Zillow Should Treat iBuying as a Marketing Expense

iBuying is a Marketing Expense

In theory, Zillow’s Homes Segment could make money flipping residential real estate. Zillow leadership claims each deal will one day make a small profit according to a preferred metric that omits an actual cost (interest) and all of the overhead. However the target per-deal profit appears uncertain due to structural profit limitations on flipping homes, and is dwarfed by the overhead of building, operating, and marketing the iBuying platform. Zillow Offers, the public brand of

Zillow’s iBuyer Activities

Zillow Q2 2019 Homes Economics Exhibit

Zillow has an iBuying operation. Zillow is also a public company. Therefore they regularly disclose their financial results to the investing public. Their Shareholder Letter and Supplemental Financial Tables contain interesting details about their flipping activities. (Note: There are other iBuyers who are private companies, and the expense analysis likely applies to them too.) Overall iBuying Revenue For the 2nd quarter of 2019, Zillow’s Homes Segment (iBuying) reported revenue of $248.9 million and a loss

Who Are You?

2013-10-19 Alpaca - 350

Just an FYI to those who give fake information to the real estate websites – when you actually request more information there is no way for the agent (me) to get it to you. I understand not wanting to give out your deets, but you have to realize that there are consequences. The other day I got an inquiry via the Hartford Courant HomeFinder site about one of our listings. Brandon was interested in learning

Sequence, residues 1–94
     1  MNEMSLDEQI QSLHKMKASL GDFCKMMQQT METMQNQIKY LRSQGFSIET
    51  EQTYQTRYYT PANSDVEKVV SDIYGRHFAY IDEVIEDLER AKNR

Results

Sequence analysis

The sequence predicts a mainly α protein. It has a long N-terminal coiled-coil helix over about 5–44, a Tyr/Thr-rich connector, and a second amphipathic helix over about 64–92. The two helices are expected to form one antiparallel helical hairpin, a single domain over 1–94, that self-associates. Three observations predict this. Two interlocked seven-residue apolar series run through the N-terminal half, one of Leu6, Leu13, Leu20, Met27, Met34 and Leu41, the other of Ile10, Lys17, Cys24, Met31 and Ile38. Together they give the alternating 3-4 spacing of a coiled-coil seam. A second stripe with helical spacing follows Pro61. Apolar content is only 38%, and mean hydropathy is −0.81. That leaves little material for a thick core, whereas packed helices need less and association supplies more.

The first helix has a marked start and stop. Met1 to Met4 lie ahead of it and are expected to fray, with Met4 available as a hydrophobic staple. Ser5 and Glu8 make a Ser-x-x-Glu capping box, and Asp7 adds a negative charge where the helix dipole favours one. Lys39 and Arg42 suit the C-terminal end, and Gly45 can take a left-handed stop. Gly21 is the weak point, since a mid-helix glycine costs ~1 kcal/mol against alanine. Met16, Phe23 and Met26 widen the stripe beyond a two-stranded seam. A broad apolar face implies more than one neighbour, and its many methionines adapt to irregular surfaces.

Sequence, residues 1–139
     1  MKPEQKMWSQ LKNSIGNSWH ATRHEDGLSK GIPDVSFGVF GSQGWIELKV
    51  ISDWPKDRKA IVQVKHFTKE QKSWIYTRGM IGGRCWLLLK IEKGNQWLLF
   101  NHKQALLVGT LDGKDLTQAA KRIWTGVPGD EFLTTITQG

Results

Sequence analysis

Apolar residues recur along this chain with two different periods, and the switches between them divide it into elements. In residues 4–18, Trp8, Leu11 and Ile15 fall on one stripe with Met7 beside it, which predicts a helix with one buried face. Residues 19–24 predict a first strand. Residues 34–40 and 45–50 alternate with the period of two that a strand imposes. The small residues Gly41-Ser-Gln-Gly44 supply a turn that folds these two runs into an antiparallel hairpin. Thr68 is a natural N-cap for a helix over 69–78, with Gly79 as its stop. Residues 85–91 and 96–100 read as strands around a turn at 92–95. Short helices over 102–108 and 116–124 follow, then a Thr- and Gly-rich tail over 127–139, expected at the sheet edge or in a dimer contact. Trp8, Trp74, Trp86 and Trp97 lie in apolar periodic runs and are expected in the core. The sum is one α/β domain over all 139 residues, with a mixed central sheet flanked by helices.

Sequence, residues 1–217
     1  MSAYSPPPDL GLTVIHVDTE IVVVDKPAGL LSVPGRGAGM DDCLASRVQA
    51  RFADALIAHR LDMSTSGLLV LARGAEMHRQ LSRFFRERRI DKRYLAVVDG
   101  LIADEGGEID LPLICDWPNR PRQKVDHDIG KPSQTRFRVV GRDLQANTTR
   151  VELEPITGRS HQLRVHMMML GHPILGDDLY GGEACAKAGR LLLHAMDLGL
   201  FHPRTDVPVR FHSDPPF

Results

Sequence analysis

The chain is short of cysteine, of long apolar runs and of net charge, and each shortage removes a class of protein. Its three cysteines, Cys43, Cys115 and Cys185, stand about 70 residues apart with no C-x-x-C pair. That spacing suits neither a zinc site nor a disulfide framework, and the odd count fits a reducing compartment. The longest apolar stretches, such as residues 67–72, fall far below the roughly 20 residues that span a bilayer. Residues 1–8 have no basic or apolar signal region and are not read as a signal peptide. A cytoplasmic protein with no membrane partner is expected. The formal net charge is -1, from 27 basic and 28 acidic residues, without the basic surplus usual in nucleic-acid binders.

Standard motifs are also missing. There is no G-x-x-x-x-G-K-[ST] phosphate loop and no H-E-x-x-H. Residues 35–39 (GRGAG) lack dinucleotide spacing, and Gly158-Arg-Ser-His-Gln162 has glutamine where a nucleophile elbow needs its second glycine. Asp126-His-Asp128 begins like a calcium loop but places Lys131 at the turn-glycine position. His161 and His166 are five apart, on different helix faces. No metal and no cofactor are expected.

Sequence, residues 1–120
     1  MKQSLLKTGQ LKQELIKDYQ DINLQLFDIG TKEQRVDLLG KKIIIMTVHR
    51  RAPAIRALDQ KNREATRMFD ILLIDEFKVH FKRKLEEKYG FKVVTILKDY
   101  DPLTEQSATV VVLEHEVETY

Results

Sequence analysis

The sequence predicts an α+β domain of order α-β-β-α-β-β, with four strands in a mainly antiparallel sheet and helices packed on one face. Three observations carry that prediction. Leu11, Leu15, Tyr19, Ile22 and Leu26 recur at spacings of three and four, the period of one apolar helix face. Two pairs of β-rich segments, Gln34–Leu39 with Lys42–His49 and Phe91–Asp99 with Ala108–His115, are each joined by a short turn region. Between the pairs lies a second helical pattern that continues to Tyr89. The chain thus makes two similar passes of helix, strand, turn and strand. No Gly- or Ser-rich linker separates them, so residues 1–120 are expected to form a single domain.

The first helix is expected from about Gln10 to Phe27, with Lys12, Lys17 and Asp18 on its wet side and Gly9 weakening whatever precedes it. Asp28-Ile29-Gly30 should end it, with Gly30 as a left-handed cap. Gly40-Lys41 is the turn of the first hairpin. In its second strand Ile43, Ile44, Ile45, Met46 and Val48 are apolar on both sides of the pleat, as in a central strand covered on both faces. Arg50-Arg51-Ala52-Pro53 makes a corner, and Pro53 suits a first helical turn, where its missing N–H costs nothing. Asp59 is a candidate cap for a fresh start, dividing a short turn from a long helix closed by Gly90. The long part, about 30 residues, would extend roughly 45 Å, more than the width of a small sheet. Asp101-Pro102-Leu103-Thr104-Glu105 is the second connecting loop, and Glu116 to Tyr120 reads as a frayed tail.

Zeflections on Zillow

City Hall Sculpture

Earlier this week we put up a story about Zillow’s view on the value of our home. It wasn’t the first time we’ve mentioned Zillow, and I’m sure it won’t be the last. Historically we’ve only brought up the site when we we’re frustrated or amused. This mention had an interesting result – Zillow found our article and weighed in directly, and helpfully (see the comments at the bottom). It caused some debate and reflection

Why Does Zillow Hate My House?

Zillow is a fairly popular website among buyers. They have an algorithm they use to provide a Zestimate for any house, whether it’s actively for sale or not. The Zestimate is Zillow’s estimate of what they think the house is worth. This Zestimate is derived from recent comparable sales and a little fairy dust, I think. I spend a lot of time debunking Zillow Zestimates. I will admit, it kind of pisses me off. I